No more digital presences
Too often we speak of digital presences. Too often, I think, we’re cognitively misled.
While our intentions are good, speaking of “presence” isn’t actually that complementary to what we, as digital strategists and creatives and thinkers and doers, end up doing for brands.
The Merriam-Webster online dictionary defines “presence” as “the fact of being in a particular place”. I don’t know about you, but this just seems too passive for me. I may be present somewhere, but that doesn’t mean I’m doing something. Not even something worthy. Just something.
According to this logic we already have enough digital “presences”, thank you very much. Whatever happened to all those brands you followed on the social network du jour back in the day? Hell yeah they’re present. But to what end exactly? You can look them up and find out the latest, but chances are unless I had just told you to you’d never usually do that. I know I wouldn’t.
We’re not mistaken per se by speaking of presence, but I believe it plants the wrong message in the back of our and our clients’ minds. Cognitively speaking, “presence” might be the trigger for us to consider once we’re present doing something, and properly reacting to what comes our way, we’re done. Well, that’s not enough.
My suggestion: we stop speaking of a “presence” and start speaking of a “role”. Let’s look at the dictionary again: a role is actually “the part that someone has in a family, society, or other group”. The difference? All of a sudden you’re not just present, you have a part to play. And that can mean a lot of things: inspiring your audience, enabling access to information, protecting sensitive data, you name it.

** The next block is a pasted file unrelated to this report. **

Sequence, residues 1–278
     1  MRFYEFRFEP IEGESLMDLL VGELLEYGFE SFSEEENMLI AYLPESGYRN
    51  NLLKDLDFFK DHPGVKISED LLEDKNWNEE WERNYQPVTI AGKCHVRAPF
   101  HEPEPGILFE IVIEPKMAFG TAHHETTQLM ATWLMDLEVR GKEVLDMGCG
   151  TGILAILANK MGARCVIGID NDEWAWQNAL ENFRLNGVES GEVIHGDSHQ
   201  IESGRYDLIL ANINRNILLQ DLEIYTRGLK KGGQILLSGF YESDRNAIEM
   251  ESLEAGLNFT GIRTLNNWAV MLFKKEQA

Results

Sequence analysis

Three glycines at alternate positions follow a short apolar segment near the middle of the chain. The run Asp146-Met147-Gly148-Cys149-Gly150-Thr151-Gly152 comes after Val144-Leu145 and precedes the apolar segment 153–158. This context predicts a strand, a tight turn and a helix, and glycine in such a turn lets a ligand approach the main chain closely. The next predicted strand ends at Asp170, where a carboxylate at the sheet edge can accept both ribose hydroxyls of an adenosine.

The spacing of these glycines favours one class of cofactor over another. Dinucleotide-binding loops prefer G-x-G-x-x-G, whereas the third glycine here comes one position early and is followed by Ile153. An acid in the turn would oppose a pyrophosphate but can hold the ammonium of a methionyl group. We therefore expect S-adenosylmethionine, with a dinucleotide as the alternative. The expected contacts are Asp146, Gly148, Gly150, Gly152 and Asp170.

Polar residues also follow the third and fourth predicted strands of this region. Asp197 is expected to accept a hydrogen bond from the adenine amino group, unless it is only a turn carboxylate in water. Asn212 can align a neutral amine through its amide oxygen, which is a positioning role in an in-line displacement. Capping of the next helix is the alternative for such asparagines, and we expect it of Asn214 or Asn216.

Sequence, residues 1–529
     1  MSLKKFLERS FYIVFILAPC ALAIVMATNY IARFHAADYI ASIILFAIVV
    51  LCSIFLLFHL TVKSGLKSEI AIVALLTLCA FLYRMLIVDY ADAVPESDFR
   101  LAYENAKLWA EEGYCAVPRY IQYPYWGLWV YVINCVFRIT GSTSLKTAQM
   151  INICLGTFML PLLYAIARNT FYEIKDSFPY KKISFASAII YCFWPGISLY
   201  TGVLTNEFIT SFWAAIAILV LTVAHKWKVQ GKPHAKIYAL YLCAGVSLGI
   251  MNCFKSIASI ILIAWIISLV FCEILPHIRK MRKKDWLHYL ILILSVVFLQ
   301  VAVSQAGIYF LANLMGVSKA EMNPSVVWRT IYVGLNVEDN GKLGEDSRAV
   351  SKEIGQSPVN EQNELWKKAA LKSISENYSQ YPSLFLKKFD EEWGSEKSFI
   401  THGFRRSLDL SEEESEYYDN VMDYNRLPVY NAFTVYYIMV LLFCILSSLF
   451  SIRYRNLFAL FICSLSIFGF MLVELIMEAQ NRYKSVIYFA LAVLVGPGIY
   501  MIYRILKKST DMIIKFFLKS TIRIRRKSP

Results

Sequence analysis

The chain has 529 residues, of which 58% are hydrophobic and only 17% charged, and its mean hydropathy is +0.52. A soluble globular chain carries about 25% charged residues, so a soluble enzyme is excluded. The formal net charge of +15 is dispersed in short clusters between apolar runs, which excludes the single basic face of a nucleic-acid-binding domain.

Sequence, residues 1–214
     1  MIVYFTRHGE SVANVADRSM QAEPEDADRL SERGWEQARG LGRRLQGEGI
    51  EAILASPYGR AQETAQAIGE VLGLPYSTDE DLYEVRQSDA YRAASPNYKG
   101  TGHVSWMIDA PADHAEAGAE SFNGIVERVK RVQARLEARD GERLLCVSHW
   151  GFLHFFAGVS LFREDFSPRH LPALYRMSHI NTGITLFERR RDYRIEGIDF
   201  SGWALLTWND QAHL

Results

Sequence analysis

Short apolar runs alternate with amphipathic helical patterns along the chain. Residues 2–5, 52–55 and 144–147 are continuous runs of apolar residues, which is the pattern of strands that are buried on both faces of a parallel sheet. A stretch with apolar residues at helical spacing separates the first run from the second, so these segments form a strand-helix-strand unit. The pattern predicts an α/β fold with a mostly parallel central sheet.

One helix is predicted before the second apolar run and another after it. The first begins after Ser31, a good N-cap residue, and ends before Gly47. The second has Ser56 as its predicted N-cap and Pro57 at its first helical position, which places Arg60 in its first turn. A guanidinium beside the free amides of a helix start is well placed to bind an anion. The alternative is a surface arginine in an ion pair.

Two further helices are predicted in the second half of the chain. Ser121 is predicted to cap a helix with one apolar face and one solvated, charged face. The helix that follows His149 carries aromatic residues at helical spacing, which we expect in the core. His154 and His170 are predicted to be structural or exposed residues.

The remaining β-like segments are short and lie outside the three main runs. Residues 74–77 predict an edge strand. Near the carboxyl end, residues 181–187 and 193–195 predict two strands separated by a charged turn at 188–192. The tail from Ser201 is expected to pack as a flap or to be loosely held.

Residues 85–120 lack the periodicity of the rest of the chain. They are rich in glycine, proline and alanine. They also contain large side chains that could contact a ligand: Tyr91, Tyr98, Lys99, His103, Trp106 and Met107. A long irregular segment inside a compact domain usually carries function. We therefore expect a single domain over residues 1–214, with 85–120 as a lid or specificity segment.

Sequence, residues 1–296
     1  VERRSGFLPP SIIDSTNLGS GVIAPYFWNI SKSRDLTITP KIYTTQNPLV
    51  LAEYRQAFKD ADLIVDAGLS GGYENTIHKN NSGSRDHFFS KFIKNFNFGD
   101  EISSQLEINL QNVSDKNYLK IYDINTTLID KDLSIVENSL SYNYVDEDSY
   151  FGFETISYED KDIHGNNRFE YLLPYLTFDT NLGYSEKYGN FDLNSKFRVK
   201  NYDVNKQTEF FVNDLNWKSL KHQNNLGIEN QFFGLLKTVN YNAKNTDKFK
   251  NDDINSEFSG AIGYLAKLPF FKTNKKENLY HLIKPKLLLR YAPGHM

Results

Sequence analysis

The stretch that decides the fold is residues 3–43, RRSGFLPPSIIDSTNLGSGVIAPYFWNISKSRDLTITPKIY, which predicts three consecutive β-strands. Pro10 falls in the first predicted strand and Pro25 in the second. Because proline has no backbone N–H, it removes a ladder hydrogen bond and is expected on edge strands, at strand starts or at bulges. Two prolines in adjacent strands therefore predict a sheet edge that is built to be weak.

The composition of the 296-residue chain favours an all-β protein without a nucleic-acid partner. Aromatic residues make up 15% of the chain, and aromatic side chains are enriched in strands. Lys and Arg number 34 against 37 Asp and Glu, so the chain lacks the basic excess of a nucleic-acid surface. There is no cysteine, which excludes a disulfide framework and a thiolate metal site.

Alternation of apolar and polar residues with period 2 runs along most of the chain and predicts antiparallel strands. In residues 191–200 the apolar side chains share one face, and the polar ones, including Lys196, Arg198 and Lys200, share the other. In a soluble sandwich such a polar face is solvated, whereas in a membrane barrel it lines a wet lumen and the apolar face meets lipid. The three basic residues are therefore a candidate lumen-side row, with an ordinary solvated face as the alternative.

A role tells us much more about what this is all about. Consider an actor on stage. He plays a persona and should never break character, because otherwise the illusion vanishes. When we see someone acting we don’t just expect him to be present in the scene, specially if we have previous positive memories of that specific actor. We expect him to live up to those memories. We expect him to do something worthy of our time (even if it means blowing shit up). We constantly look for the role of things in our lives, even if we don’t realize it. That’s why we make choices and how choices are even possible in the first place.
It’s the same with brands in a digital space. Presence alone means we’re there in case someone needs us. Role means we’re actively doing something for someone else.
Strictly speaking, they’re just different words. Cognitively speaking, they’re massively different worldviews.